Regeneration cutting had taken place in the park in 2007 and 2010, but mostly where neighbors and park visitors cannot see it, said Banks. It is the same with this current cutting, too.
But why can all park goers see the barren landscape along the miles of road that lead to the park’s boat ramp? Because that cut is not a regeneration activity, said Banks. That cut has nothing to do with the 2011 forest management plan. It is a “salvage cut” in which the DNR is clearing out an area damaged by the Nov. 30 tornado. “They are separate; they are two different things,” said Banks, who agrees the aftermath of the clear-cut is a shock to the unprepared.
As he did during a public gathering at the boat ramp two weeks ago, Banks said he feels the DNR should have done a better job of informing and educating the public about the upcoming cuts. Both are standard practice in forest and wildlife management. At the cove next to the boat ramp, the salvage operation was meant to clear out the fallen trees before they dried up and began to rot, enabling the DNR to sell the timber at a market price. The money raised from that cut (about $800 an acre) will be spent on restoring the area. New pines and lower-growing herbaceous plants will be transplanted on which animals can feast. The process will take about two years.
In the meantime, in response to residents’ protests, the DNR will plant brown-top millet, said Banks. The green plant will start to grow in five to seven weeks, with grasses getting up to six feet high by summer. Besides improving then aesthetics for park goers, the fast-growing millet will be food for wildlife. Also at the cove, the DNR will clean up the leftover debris and landscape the site so it looks more pleasing to neighbors and visitors.
Banks said the salvage cut is the operation that most closely impacts the neighbors because they can see the aftermath. Where the planned, regeneration cuts are occurring, most people will not see, said Banks. He said, except where roads and fire breaks are called for, the DNR will leave a 75-wood buffer between the property lines and park. It has also added to volunteer to leave such buffers along the roads and horse trails where cutting is taking place.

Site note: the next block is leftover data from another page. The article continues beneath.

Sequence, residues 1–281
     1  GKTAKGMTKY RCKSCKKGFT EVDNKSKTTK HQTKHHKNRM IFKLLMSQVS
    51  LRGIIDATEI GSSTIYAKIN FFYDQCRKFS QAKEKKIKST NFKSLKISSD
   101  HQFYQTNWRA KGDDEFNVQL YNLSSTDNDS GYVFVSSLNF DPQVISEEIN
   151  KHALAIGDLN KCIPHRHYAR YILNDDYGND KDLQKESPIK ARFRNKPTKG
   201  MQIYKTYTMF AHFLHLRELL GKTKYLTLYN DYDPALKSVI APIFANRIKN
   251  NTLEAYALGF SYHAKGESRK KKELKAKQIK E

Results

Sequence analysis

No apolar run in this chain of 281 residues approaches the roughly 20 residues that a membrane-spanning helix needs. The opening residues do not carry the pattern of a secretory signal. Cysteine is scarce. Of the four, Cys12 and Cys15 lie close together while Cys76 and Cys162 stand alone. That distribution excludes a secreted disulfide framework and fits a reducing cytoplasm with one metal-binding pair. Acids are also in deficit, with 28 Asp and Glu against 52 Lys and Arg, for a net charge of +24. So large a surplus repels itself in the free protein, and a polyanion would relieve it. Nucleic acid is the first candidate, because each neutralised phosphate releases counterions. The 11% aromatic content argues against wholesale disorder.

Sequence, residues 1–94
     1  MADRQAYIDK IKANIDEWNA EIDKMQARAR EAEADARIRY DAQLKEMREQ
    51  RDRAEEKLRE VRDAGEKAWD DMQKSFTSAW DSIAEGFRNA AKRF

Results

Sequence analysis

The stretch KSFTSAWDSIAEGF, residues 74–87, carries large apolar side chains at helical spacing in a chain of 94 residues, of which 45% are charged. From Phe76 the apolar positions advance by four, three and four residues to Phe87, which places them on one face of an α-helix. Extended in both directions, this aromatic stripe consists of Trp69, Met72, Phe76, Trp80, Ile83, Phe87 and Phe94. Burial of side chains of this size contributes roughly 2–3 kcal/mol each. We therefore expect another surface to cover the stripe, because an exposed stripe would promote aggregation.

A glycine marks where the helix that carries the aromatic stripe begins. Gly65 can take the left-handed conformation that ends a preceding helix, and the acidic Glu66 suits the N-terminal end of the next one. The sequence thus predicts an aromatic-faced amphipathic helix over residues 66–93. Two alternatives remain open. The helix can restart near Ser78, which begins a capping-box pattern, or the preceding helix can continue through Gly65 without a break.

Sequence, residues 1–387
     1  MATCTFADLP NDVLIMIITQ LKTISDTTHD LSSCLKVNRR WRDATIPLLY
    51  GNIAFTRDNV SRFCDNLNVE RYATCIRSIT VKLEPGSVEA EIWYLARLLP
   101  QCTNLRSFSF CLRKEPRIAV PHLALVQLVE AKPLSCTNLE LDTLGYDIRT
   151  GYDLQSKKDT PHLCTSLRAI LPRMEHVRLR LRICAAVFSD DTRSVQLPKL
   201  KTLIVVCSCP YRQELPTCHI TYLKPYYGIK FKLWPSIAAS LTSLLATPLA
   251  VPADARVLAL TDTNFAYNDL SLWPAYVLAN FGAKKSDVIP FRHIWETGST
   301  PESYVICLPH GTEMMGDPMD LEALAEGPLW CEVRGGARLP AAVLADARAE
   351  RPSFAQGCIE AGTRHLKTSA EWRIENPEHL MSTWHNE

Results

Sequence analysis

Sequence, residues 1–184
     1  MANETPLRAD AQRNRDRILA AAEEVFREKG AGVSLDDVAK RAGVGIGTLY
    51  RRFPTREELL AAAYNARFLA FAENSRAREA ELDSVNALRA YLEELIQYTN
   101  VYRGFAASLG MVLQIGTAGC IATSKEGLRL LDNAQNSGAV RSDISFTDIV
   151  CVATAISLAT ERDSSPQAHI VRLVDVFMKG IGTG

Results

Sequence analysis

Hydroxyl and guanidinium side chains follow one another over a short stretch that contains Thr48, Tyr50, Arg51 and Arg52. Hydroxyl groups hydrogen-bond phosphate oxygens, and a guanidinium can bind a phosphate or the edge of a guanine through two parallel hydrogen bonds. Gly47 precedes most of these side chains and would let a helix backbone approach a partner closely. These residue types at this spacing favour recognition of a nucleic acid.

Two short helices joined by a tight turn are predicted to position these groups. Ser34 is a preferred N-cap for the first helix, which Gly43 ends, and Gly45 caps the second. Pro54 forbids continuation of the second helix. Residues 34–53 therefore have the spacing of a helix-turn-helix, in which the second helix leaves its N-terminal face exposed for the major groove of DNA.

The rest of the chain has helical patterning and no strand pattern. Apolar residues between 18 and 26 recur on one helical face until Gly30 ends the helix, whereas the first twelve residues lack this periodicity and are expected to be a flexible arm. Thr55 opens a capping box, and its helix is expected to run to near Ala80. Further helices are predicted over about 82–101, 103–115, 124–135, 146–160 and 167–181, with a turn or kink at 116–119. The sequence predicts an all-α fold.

Many of the residents at the boat-ramp meeting said there are no buffers so far. In a follow-up communication Banks e-mailed to residents last Thursday, he said, “The bid for sale of timber for April 12 will be delayed until issues that have been raised have been explored fully.” One such issue, said Banks Monday, is that loggers in other areas were unable to read or see the no-cut markings in recent cuts at a nearby state park where the same kind of forest management recently took place.
Planting millet at the cove and landscaping the area are two other steps Banks outlined in the e-mail.
Another action promised by Banks was to seek more public input into future forest-management activities: “The resource management plan for the park will be fully developed with opportunity for public input into the purposes, goals and objectives.”
Printed in the April 14, 2011 edition